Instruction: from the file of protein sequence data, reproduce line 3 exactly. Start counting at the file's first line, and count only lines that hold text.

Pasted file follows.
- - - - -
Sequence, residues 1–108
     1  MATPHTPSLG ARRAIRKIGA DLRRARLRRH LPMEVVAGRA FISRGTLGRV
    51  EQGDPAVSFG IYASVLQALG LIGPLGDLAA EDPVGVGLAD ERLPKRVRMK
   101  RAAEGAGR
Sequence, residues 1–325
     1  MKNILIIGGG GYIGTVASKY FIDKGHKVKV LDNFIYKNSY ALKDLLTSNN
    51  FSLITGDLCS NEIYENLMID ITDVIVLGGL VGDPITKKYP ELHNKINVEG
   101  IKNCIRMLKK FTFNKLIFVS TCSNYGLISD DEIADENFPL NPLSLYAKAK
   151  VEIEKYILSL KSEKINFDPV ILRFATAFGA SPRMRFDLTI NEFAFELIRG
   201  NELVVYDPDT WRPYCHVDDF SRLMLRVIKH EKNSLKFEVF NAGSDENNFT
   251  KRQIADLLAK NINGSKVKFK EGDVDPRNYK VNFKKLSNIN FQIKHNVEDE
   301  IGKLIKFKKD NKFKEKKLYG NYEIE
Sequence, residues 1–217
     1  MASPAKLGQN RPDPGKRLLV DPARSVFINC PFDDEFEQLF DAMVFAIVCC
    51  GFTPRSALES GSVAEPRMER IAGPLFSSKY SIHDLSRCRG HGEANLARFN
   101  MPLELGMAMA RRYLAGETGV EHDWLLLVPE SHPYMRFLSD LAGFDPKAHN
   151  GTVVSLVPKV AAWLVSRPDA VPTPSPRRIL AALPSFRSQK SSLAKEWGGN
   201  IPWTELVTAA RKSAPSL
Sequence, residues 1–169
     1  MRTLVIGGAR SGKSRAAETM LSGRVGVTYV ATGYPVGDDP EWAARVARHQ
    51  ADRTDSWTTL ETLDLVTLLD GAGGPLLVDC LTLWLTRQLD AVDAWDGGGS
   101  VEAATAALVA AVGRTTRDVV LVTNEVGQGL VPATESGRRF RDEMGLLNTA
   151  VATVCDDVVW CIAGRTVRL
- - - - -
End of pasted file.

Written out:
    51  EQGDPAVSFG IYASVLQALG LIGPLGDLAA EDPVGVGLAD ERLPKRVRMK